Gender discrimination is the prejudicial treatment of a person based on their gender. While this can happen to anyone, it most often happens to women and people who don’t conform to the gender binary. Though society has made strides to close this power gap, gender discrimination is still a problem, even in places where the law strictly forbids it, such as the workplace. Read on to explore some of the reasons gender discrimination in the workplace still exists.
A stereotype is a generalized belief about a category of people, and every gender has a set of stereotypes. For men in America, the stereotype is that of a stoic household provider who must be strong, aggressive, and logical. For women in America, the overarching stereotypes are quite the opposite. A woman is and or must be quiet, reserved, nurturing, passive, and polite. Looking at these stereotypes, we can already see why men might receive preferential roles and treatment within the workplace.
Gender bias is the favoritism of a particular gender. What the “favorite gender” is will generally vary from person to person and be influenced by stereotypes. On an overarching scale, we can look to the patriarchy to see which gender society favors.
Aside from that, look at the terminology in job descriptions that describes a company’s ideal worker. You’ll often see words like fearless, objective, driven, solid, analytical, and competitive. We can see a correlation between these words and the adjectives society uses to stereotype men. In this way, there is already an inherent gender bias that permeates the workplace, beginning at the onboarding stages of employment.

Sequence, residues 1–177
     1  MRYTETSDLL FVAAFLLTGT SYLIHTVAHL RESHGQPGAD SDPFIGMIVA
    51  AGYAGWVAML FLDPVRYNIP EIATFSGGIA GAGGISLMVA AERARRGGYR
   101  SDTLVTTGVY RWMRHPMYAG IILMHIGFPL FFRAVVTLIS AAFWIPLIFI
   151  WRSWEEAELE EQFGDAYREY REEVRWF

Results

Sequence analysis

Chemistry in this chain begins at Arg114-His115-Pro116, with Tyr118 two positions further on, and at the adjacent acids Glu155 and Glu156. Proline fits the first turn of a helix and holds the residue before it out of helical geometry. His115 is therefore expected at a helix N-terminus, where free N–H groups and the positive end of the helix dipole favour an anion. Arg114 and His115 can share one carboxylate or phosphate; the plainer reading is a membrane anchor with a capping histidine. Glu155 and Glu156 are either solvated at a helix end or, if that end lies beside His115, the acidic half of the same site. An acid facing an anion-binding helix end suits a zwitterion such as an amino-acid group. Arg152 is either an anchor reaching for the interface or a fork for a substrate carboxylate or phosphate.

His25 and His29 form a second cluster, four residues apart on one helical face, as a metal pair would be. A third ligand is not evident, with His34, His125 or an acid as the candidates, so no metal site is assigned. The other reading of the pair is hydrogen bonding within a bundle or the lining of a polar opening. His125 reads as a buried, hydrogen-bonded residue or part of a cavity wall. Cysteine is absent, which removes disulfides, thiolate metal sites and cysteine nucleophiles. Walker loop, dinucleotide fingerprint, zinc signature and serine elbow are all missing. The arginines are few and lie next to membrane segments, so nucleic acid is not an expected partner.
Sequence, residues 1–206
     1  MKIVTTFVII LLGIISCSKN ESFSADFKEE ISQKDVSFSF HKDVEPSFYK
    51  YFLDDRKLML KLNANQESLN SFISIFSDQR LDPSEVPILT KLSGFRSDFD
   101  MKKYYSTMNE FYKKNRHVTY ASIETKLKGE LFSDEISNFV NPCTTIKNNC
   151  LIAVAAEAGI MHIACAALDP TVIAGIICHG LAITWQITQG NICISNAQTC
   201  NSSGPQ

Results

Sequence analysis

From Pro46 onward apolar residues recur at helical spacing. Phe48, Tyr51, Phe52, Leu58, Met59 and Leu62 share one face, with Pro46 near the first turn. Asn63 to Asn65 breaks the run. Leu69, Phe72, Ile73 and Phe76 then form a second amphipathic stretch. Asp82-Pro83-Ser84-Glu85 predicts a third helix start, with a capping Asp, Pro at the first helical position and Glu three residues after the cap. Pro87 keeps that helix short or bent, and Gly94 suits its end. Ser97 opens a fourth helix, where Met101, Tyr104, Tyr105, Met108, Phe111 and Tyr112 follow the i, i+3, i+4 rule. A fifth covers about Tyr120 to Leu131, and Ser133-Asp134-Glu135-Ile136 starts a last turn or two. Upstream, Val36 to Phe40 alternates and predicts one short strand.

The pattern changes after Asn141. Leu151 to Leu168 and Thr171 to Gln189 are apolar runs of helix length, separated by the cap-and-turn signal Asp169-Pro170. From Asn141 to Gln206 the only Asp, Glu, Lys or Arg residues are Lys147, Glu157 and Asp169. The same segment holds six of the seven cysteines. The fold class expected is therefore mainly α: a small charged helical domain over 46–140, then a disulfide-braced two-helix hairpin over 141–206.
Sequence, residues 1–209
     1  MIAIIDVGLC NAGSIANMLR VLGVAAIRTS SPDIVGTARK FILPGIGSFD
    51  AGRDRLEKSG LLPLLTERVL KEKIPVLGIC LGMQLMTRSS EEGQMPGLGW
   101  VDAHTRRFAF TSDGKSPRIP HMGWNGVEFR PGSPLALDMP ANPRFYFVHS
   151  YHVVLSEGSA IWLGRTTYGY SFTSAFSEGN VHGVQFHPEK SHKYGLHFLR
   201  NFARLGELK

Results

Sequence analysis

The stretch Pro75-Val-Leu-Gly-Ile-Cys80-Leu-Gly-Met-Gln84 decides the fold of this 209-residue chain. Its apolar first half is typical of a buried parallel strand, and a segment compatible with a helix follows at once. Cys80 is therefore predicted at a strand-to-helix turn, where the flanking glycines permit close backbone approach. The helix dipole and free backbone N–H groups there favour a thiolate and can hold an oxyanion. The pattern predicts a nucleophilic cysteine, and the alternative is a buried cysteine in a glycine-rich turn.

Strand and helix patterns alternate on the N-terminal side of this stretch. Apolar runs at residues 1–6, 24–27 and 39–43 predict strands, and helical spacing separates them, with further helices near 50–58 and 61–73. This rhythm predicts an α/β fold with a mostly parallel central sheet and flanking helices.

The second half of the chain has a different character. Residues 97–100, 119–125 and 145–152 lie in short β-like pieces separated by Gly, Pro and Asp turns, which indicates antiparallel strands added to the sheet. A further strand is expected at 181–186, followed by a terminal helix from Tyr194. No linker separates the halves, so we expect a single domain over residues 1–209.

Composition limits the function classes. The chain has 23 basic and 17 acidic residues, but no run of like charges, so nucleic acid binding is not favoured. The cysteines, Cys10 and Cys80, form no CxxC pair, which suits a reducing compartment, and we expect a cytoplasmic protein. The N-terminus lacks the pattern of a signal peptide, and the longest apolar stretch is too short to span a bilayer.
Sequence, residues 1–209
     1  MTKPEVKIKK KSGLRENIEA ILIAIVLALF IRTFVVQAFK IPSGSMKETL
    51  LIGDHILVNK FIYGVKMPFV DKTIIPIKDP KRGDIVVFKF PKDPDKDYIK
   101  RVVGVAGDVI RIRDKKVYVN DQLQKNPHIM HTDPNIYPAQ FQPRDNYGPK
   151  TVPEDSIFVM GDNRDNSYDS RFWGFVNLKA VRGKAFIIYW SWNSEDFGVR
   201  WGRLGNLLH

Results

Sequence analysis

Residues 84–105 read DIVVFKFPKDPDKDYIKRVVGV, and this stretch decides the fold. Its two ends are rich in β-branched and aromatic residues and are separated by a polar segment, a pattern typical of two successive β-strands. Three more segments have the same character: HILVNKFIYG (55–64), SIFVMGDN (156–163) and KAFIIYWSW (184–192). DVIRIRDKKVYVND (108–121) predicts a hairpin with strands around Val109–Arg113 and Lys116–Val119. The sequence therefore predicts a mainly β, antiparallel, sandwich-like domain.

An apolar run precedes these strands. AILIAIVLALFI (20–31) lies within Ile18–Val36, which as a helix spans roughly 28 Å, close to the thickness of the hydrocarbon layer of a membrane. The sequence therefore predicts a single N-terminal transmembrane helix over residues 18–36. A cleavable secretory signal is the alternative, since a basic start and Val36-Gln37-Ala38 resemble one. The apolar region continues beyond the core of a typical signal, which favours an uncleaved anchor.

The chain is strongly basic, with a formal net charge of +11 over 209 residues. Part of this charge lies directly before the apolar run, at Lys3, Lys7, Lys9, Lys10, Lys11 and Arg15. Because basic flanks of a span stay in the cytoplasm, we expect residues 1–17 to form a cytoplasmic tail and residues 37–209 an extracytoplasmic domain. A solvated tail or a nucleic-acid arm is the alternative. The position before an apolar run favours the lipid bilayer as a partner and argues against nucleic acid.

You may wonder—if the workplace favors men, why don’t other genders try harder to break through stereotypes and achieve higher positions? To push back against the tide would be to risk one’s place in the social hierarchy. This can be a frightening prospect for anyone. Who would want to risk being shunned or frowned upon by their peers? Social pressure is enough to keep people in line for their entire lives. As social creatures, our connections and our relationships with others are quite literally the foundations of our lives and well-being.
Let’s say a cisgender woman wants to achieve a higher workplace position. She must show exceptional qualities and prove herself to be driven and competitive enough to rise to the occasion. Due to gender stereotypes and gender bias, this does not fall in line with what a woman is supposed to be. She risks coming off as impolite, bossy, snobbish, or overly aggressive.
Therefore, she risks her social standing and relationships if she does not find a way to consolidate “what a woman should be” with the qualities necessary to excel in the workplace. This is often an impossible feat.
Ultimately, the main reason gender discrimination in the workplace still exists is a general lack of awareness. We don’t usually learn to deconstruct gender biases in school, and by the time we become adults, they can be difficult behaviors and thought processes to uproot. After all, to admit you have gender bias would be to admit you’re a bad person, correct?
This isn’t the case. Bias is taught, and it can be unlearned. What makes a “good” or “bad” person is whether someone is willing to admit fault and learn.
At the Law Firm of Tamara N Holder, we help tackle gender discrimination by holding employers accountable. If you or someone you love has been a victim of gender discrimination in the workplace, our gender lawyers will work tirelessly to ensure justice is served.